Kothari’s vision is reflected in every part of this cultural space, right from the folk exhibits to the water conservation methods employed. Even the flora is in sync with the overall theme. The museum now has 250 varieties of shrubs, plants and trees that have grown naturally around it over the years. They are now studied for their correlation with everyday desert life.
The museum opened with an exhibition on brooms and the first three years of its existence was dedicated to this single object. “The broom is an important everyday object and we all know that. But not many are aware of its varieties and uses. The type of broom found in a particular region is connected to the food grown, on whether it is used to clean an open space or an enclosed one, on the raw materials available in the area, etc,” says Kuldeep Kothari.
It took five to seven years to put the exhibition together. Communities and nomads had to be approached to gain an understanding about each broom, the natural resources used for making one and the local methods employed, the lives of broom-makers in general (who usually are from marginalised caste groups), the myths, beliefs and symbols surrounding brooms, etc. Eventually, the team discovered that there were 200 types of materials for making brooms in their research area alone. They also learnt how brooms from outside the region had been incorporated into the day-to-day life of Rajasthan. “We came across the phool jhadu, which is from Northeast India. We also encountered a broom fashioned from the coconut leaf, which is typically found in South India,” says Kothari.
Simultaneously, the team also learnt about the threat
that the traditional broom faced from newer synthetic varieties that were mass produced and sold at lesser prices. This made the process of documenting the many varieties of brooms in existence even more critical. “Research has just begun. When visitors come by, they comment on brooms found in their regions and the knowledge bank grows. So unknowingly, they contribute too. Though we may not be able to incorporate brooms from outside Rajasthan into the museum, our understanding of India’s cultural diversity grows. We have in recent times come across professional broom-makers who are crafting brooms for tiles and cement,” says Kothari.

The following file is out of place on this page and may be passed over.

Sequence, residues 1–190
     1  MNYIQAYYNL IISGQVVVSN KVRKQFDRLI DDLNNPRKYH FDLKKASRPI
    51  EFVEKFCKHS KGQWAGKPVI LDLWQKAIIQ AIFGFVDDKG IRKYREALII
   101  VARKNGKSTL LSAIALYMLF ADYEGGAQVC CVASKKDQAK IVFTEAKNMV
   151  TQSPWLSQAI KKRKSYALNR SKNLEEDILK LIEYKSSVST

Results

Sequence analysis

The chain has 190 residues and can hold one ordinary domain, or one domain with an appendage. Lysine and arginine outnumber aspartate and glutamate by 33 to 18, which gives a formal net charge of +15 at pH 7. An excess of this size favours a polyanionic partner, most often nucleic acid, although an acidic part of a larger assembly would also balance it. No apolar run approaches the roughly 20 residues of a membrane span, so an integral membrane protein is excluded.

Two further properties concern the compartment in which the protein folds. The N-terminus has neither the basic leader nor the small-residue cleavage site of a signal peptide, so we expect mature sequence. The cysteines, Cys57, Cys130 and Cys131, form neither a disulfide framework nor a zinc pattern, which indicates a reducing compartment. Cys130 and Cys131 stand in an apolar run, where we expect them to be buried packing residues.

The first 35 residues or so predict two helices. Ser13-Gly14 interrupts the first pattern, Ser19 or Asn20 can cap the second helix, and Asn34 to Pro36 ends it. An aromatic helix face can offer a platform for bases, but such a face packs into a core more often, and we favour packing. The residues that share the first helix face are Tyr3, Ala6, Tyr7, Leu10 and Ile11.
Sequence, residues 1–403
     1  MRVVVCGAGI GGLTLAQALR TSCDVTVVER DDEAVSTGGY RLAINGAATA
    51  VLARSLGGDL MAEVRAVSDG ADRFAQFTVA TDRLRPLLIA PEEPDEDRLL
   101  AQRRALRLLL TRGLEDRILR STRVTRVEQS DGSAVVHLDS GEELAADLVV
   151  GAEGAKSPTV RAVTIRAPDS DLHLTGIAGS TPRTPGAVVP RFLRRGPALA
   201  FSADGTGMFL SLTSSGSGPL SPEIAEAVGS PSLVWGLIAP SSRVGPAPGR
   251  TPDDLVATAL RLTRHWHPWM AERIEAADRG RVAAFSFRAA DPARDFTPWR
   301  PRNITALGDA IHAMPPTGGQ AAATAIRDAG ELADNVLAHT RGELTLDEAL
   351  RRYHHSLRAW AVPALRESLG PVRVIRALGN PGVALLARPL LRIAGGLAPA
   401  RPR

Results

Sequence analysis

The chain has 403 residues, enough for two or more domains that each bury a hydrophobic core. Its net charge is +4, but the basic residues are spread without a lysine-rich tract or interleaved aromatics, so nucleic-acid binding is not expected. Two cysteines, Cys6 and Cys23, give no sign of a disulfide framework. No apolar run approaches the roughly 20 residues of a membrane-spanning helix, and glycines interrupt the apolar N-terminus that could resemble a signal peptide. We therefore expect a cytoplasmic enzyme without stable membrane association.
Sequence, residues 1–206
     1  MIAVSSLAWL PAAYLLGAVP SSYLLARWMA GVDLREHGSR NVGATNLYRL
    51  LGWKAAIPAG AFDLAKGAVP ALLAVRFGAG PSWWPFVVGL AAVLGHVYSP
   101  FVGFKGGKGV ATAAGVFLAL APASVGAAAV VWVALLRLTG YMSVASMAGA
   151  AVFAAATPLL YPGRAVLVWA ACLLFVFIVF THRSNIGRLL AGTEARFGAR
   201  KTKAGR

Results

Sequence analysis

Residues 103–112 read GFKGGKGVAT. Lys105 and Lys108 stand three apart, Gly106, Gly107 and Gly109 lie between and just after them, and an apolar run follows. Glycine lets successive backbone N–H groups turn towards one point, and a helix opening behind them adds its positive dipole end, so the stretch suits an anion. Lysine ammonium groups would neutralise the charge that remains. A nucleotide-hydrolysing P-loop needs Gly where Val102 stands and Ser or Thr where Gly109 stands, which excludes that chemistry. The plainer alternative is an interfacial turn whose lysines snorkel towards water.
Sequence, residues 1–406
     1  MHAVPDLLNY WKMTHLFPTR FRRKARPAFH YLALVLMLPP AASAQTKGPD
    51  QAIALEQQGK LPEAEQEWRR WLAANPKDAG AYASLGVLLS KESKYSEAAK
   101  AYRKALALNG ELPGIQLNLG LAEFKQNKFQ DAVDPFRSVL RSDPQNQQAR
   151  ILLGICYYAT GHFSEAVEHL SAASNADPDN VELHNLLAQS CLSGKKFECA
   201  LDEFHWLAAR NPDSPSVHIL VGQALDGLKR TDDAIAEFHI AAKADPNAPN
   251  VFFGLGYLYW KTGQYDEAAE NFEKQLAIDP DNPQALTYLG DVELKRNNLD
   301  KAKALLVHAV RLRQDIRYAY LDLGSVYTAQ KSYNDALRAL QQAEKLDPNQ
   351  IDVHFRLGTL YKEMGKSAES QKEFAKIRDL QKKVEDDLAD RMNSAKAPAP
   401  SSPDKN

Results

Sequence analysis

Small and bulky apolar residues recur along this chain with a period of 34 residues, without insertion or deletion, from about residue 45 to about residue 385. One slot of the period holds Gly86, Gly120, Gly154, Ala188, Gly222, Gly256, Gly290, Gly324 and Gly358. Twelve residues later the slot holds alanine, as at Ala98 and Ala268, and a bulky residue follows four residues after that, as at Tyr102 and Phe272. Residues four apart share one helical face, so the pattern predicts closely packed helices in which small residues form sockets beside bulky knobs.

What the future holds
Arna-Jharna additionally houses more than 20,000 hours of material connected with folk tales, folk songs, ballads, storytelling, epics, etc. This repository can be accessed at the museum. The material is used by local and international research scholars as a resource to study the cultural diversity of the region. There are also 110 musical instruments of Rajasthan in the archives and puppets on display.
Arna-Jharna prides itself on being an inclusive museum and for not focusing on a particular group of people. It is now looking to build a strong community around it in the years to come. A step in this direction has already been taken by associating with folk musicians from the Langa and Manganiyar communities, who now perform regularly at the site. That apart, botanists, geologists, scientists and development workers are also increasingly collaborating with Arna-Jharna to gain a better understanding of traditional knowledge systems, thus making the ‘desert spring’ museum an oasis of information in the arid landscape of Rajasthan
Top: Villagers at the broom exhibition Left: Schoolchildren at the puppet exhibition
Top: Women plastering a mud wall Facing page: Introduction panel and photograph of Komal Kothari, founder of the Rupayan Sansthan
Below: A Kalbelia folk dance performance organised as part of the museum’s initiative to associate with folk artistes